The Sources of Invention

John Jewkes (Author), David Sawers (Author), Richard Stillerman (Author)


A study of the causes and consequences of industrial innovation through the inventions of the nineteenth and twentieth centuries.

The first edition of The Sources of Invention, published in 1958, has been described as "a classic in science policy which has had a very considerable influence on both economists and scientists in Europe and in the United States." The authors set out to study the causes and consequences of industrial innovation--one, if not the main, spring of economic progress. They examined the important inventions of the nineteenth and twentieth centuries in order to discover just how far recent inventions have emerged from conditions different from those of the past. The evidence collected threw light on many questions, such as the influence of large research institutions and the concept of teamwork, the arguments for monopoly in industry, and the possibility of predicting inventions.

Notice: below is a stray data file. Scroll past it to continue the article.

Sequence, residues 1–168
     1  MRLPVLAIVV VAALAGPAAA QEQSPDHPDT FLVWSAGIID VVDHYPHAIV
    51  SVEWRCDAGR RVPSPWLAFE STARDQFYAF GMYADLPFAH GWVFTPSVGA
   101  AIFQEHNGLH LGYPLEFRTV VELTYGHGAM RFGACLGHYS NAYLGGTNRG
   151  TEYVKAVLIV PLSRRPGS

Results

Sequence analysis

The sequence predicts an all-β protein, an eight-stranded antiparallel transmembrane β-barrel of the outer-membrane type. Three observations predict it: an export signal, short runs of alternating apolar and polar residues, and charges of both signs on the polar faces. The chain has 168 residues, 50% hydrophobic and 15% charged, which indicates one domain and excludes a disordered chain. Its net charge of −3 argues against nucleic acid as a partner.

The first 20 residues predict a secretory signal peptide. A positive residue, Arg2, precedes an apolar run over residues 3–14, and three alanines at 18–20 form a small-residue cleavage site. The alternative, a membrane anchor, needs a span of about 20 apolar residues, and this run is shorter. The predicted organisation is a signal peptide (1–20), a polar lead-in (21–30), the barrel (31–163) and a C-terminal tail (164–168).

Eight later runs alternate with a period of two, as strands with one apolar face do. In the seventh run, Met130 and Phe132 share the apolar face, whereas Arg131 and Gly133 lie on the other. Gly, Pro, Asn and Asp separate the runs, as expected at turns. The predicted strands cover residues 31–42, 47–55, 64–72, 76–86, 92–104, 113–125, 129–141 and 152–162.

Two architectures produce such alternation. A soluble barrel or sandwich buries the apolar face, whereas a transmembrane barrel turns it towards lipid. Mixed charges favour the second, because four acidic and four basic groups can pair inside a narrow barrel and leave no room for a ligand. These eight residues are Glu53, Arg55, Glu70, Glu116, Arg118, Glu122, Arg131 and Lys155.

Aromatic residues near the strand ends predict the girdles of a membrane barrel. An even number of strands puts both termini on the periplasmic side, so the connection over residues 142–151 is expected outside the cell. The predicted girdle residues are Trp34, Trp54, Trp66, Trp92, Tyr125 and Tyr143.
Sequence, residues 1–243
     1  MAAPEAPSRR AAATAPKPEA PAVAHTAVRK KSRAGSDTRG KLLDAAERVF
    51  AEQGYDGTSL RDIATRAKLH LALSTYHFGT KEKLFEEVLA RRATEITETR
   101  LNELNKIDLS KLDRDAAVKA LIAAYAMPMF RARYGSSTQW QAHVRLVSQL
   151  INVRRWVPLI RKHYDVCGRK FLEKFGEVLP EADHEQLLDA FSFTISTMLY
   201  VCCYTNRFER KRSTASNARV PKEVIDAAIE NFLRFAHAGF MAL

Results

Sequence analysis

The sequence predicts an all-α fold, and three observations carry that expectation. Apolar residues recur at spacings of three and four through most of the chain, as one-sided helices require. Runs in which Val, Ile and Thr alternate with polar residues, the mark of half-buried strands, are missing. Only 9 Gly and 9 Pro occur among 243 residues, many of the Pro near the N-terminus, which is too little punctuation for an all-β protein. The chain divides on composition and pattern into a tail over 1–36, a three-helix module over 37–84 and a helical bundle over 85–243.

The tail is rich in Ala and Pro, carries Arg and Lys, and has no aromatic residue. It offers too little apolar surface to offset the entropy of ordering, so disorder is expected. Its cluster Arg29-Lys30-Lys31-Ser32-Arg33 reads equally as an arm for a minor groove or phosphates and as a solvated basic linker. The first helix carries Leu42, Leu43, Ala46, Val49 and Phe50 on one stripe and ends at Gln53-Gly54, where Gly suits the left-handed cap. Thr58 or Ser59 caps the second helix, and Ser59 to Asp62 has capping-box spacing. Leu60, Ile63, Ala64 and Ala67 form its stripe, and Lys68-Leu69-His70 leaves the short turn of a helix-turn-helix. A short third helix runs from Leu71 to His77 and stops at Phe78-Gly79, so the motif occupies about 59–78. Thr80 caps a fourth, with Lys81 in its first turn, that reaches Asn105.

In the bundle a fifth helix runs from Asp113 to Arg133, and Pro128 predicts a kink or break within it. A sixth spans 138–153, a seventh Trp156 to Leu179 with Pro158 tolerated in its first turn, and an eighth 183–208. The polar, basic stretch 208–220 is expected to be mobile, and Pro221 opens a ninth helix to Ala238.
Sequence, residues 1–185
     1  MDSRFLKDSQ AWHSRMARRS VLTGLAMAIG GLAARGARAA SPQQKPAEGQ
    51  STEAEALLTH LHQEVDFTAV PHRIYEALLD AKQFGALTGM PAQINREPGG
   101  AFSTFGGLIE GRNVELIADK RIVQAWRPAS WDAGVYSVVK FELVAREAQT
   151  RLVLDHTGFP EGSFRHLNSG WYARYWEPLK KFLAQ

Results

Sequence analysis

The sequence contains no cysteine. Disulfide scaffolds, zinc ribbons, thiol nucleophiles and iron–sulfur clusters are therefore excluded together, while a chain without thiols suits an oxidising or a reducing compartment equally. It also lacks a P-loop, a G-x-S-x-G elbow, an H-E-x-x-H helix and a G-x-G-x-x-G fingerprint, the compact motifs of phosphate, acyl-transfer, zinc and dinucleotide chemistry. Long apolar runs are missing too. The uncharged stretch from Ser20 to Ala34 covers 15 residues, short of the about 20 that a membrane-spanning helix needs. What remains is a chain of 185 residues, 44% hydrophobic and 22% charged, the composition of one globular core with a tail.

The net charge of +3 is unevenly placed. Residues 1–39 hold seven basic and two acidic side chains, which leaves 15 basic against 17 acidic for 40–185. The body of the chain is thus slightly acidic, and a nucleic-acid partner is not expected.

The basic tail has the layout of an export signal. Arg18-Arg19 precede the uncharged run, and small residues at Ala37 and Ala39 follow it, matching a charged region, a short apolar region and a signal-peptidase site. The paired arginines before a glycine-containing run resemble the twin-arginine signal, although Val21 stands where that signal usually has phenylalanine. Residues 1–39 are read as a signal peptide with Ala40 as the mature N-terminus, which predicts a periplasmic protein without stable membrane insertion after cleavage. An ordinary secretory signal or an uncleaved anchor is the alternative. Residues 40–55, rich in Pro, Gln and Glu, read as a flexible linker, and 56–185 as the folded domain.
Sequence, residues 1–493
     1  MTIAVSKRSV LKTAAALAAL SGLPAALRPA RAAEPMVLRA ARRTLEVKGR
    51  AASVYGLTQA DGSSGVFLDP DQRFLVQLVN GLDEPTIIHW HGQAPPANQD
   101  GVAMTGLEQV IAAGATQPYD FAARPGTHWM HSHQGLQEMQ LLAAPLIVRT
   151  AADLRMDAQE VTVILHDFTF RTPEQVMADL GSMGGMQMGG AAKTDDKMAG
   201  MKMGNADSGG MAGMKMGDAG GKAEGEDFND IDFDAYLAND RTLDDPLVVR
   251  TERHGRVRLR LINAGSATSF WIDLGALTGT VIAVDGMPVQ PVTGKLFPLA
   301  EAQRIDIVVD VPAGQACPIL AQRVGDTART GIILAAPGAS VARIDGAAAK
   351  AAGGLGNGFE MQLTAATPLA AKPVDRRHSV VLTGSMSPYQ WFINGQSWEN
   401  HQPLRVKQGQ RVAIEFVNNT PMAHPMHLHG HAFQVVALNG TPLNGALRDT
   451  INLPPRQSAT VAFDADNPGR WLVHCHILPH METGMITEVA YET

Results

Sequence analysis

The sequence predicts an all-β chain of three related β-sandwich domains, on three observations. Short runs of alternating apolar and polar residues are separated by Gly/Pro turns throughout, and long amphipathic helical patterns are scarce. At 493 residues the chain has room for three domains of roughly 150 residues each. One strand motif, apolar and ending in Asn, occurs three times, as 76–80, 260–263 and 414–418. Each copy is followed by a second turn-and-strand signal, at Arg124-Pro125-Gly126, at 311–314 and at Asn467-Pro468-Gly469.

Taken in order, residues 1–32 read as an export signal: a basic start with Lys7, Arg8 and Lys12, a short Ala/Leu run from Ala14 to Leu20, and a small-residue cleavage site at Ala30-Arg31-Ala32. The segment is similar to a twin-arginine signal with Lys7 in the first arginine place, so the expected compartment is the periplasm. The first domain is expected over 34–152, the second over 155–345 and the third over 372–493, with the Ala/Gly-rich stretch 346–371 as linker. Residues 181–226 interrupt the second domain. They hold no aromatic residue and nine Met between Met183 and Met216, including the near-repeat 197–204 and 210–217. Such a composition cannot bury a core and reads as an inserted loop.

The second edition is a considerable enlargement of the first. To the original group of fifty-one case histories--which included Automatic Transmissions, Fluorescent Lighting, the Helicopter, Kodachrome, Polyethylene, Synthetic Detergents, the Transistor, and Xerography--have now been added ten other recent important cases, each of which has its own fascinating peculiarity: Air Cushion Vehicles; Chlordane, Aldrin, and Dieldrin; Electronic Digital Computers; Float Glass; the Moulton Bicycle; Oxygen Steelmaking; Photo-Typesetting; the Cure for Rhesus Haemolytic Disease; Semi-Synthetic Penicillins; and the Wankel Engine. A new chapter evaluates the relevant literature of the last ten years.

Book Details

  • Paperback
  • February 1971
  • ISBN 978-0-393-00502-8
  • 5 × 8 in
  • Sales Territory: Worldwide

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